SPAIN UNDER THE BOURBONS
THE DEFENSE OF SARAGOSSA.
 WE now approach the reign of the first Bourbon in Spain. The founder of the historical family
of that name, which came in time to possess several European thrones, was Adhemar, at the
beginning of the tenth century. The name itself comes from the castle and seignory of
Bourbon, in the ancient province of Bourbonnais, in the central part of France. This is
not the place to follow the ramifications of the many collateral branches, which were
identified with numerous sovereignties, but rather to show how the Bourbons came into the
possession of the Spanish throne.
As has been stated, Philip IV. died in 1665. He left three children—Charles, who now
became Charles II. of Spain; Maria Teresa, who married Louis XIV. of France, and Margaret,
Queen of Hungary. Under Charles the Spanish kingdom rapidly declined, but such was the
mighty prestige she had gained during the preceding two centuries that even in her decay
she held the respect of other nations. Before his death in 1700, Charles, who was
childless, promised the Spanish throne to both Charles of Hapsburg, Archduke of Austria,
and Philip of Bourbon, the grandson of Louis XIV. and Maria Theresa.
THE LAST OF THE MOORS EXPELLED BY PHILIP III.
The question of the succession was of the highest importance to other nations, especially
to England, Germany, and Holland; for the Spanish crown carried with it the sovereignty of
the Netherlands, the Milanese, Naples, Sicily, and the enormous possessions in the New
World. If all these went to the French Philip, there was good ground for alarm, since
Philip was a mere boy,
 and it was his ambitious and shrewd grandfather, Louis XIV., who would be the real ruler.
Louis was already the mightiest king in Europe, and such an accession to his power might
make him irresistible. So most of the Powers of Europe supported Charles of Hapsburg, who
was a younger son of the German Emperor Leopold.
You might have supposed that the Spaniards themselves would be allowed some voice in the
matter, and, indeed, their Cortes met and offered the throne to the French aspirant,
Philip. He was duly crowned as Philip V.; but that did not discourage the allies, who sent
Charles into the land with an army of Austrians and English to assert his claim to the
crown; while they all together turned against Louis XIV. and attacked him in the "War of
the Spanish Succession."
This was the war of Marlborough's victories. Gibraltar was wrenched forever from Spain and
became English. At Vigo the French fleets were destroyed, and Toulon was besieged both by
sea and land. The French forces in Italy were sent in headlong flight by Prince Eugene,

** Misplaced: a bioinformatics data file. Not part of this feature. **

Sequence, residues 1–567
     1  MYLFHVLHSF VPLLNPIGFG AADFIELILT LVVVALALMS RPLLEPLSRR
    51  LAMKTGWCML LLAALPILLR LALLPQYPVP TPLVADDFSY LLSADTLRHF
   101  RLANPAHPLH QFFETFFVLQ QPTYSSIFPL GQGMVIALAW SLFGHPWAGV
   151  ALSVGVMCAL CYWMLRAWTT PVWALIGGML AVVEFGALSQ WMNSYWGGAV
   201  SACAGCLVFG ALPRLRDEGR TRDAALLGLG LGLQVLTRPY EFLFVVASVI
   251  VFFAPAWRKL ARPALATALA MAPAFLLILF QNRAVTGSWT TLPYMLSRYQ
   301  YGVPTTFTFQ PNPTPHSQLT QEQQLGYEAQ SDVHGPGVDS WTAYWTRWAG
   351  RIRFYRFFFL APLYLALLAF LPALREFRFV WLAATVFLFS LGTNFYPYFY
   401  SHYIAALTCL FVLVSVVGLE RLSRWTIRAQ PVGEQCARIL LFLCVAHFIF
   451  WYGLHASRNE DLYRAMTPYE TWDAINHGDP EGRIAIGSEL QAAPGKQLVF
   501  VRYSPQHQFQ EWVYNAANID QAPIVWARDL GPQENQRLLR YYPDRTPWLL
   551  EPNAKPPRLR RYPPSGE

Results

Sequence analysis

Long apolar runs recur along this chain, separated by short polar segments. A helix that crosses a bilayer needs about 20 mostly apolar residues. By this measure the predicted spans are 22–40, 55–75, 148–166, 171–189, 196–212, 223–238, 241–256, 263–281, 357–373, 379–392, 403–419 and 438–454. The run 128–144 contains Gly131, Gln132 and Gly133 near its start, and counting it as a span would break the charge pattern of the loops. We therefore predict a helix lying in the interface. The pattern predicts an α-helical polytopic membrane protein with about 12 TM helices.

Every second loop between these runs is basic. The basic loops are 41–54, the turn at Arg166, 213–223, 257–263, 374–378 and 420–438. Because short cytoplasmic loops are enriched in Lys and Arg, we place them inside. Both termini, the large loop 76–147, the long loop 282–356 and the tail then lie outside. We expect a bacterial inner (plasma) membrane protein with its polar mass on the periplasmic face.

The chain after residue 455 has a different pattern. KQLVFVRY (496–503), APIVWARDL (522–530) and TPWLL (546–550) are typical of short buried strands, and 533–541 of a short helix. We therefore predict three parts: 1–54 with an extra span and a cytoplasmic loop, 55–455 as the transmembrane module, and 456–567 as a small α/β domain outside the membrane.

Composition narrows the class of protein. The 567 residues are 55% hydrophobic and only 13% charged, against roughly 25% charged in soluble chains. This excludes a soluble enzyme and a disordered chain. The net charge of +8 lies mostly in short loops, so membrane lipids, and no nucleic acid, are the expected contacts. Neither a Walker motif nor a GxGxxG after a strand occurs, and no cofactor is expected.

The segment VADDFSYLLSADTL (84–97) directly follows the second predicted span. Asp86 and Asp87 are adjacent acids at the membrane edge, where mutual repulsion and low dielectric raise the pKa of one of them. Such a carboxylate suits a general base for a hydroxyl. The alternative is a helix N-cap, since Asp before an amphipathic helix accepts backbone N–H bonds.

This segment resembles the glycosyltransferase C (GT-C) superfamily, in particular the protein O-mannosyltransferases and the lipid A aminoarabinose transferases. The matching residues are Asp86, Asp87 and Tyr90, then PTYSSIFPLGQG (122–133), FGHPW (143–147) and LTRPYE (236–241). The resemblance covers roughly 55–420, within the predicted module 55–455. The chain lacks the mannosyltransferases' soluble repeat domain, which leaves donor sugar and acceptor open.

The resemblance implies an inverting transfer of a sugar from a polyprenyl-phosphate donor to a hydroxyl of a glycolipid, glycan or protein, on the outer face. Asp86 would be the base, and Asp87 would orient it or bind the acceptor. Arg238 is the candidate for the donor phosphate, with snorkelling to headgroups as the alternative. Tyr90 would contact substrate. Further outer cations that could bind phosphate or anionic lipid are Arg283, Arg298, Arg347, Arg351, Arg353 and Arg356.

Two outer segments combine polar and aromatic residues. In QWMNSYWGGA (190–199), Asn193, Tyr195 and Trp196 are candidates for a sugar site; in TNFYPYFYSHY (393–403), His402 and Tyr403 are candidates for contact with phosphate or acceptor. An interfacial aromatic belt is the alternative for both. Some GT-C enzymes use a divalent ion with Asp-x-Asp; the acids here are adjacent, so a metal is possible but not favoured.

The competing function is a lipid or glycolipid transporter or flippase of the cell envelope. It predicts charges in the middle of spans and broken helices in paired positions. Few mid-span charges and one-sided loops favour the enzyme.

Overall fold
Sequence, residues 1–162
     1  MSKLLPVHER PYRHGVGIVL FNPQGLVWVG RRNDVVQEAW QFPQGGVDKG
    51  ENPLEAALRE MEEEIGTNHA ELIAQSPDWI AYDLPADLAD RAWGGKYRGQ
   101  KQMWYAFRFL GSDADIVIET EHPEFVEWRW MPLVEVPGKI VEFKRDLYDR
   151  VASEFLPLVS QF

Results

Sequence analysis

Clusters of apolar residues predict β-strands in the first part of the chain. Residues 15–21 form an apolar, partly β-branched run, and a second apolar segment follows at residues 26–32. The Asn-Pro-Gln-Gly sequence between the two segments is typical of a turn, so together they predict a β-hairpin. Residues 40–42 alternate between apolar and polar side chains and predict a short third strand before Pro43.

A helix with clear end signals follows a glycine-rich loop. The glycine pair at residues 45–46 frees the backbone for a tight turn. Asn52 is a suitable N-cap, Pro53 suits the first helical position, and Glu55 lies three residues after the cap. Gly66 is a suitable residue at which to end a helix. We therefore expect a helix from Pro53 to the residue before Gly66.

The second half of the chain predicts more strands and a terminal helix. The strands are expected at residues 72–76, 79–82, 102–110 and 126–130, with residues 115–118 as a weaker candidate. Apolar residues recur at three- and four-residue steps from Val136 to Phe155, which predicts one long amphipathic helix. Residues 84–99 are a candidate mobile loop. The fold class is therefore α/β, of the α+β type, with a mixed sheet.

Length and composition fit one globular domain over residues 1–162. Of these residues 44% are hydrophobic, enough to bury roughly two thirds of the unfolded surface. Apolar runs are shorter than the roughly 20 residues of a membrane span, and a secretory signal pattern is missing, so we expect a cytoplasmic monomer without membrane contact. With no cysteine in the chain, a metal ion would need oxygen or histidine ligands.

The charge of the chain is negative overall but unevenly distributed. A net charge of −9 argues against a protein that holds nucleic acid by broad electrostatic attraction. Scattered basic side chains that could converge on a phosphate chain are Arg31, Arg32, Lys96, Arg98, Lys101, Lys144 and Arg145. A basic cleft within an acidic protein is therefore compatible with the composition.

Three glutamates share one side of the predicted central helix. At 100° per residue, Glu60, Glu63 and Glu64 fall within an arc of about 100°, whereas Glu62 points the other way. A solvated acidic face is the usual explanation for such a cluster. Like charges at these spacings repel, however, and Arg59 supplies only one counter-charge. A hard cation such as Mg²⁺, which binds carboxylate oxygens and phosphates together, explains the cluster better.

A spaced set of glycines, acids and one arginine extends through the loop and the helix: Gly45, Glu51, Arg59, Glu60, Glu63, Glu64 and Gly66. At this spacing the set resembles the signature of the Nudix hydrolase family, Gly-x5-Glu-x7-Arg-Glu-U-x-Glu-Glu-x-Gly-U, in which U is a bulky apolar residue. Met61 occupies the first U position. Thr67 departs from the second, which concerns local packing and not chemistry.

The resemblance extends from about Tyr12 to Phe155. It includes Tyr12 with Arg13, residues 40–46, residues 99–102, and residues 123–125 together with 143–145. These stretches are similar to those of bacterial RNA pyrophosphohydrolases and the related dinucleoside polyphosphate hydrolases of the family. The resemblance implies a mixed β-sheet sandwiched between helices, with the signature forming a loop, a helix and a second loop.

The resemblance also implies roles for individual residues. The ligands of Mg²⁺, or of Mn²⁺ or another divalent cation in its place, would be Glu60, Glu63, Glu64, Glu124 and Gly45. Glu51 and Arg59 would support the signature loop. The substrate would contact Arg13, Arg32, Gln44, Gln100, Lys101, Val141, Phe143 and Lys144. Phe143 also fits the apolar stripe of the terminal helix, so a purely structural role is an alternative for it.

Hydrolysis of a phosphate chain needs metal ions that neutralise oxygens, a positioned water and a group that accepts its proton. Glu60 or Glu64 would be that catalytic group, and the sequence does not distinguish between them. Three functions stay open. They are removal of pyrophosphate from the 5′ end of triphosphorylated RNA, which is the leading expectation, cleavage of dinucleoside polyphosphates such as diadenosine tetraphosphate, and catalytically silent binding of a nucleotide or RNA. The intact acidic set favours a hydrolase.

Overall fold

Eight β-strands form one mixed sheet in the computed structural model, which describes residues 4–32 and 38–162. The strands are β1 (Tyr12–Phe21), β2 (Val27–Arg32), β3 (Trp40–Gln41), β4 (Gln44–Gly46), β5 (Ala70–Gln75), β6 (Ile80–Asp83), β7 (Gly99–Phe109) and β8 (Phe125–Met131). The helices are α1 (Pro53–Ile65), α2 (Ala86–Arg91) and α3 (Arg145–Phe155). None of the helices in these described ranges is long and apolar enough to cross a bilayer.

who scared France by his approach to its boundaries. In the midst of these crushing
calamities Louis was sorely afflicted by the death of his only son and two of his
grandsons, so that the lonely old monarch found that the only one left in the direct line
of succession was his infant great-grandson.
An extraordinary complication secured to Philip his doubtful hold upon the throne of
Spain. When the war had gone on for more than twelve years, Charles of Hapsburg, through a
series of deaths, became Emperor of Germany. Now, if he should become King of Spain also,
the "balance of power" would be more endangered than by the choice of Philip of Bourbon.
So what did England and Holland do but turn round and ratify the nomination of Philip for
the Spanish crown Louis was astonished indeed, and another forceful illustration was given
of the criminal foolishness of war. That for the Spanish Succession was concluded by the
treaty of Utrecht (1713) and of Rastadt (1714). Louis XIV. died the next year, and that is
how Philip V. became the first Bourbon King of Spain.
Philip was born at Versailles in 1683, and married Maria Louisa, daughter of Victor
Amadeus. She died in 1714, and he espoused Elizabeth Farnese of Parma, who had no trouble
in persuading her husband to commit the government to Alberoni, who was successively made
grandee, cardinal, and prime minister. Of Philip, the historian says he was noted for good
nature, had few faults and as few virtues, with just and honorable sentiments, but was
wholly deficient in energy, with no taste for anything beyond devotional exercises and the
chase. He was made to be governed, and was wholly under the control of his talented wife,
to whom he could refuse nothing.
 The career of Alberoni was remarkable. It was he who destroyed the last liberties and
rights of the Spanish people. In his insatiate ambition he knew no such thing as scruple
or honor. To please his mistress, he violated the treaty of Utrecht by invading Sardinia,
hoping to re-establish the monarchy of Charles V. and Philip II. This audacious act caused
the regent of France to break off his alliance with Spain and to unite with England and
Germany. Undismayed, Alberoni pressed the war, even after the Spanish fleet in the